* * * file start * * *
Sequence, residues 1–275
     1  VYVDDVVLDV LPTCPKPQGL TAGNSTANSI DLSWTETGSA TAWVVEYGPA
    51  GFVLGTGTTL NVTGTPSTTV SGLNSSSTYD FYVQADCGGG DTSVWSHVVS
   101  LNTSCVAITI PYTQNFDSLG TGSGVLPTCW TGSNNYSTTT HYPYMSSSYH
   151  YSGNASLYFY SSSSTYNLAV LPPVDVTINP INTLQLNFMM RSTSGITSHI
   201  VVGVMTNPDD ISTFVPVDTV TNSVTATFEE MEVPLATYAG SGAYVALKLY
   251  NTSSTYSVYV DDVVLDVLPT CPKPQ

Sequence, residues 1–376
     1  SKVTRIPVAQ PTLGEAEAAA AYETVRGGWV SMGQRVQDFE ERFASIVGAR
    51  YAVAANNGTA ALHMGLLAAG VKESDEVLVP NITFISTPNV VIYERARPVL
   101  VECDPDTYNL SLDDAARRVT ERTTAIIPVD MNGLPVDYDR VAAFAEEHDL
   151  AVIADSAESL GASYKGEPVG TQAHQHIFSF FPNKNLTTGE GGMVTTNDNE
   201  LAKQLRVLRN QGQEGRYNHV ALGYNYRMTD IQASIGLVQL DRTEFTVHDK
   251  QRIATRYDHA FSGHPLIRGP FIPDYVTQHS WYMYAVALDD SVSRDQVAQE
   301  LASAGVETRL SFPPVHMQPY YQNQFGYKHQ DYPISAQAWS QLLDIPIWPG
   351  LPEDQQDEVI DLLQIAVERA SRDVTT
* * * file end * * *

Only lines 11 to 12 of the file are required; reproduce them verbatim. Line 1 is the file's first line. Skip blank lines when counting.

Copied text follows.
   101  VECDPDTYNL SLDDAARRVT ERTTAIIPVD MNGLPVDYDR VAAFAEEHDL
   151  AVIADSAESL GASYKGEPVG TQAHQHIFSF FPNKNLTTGE GGMVTTNDNE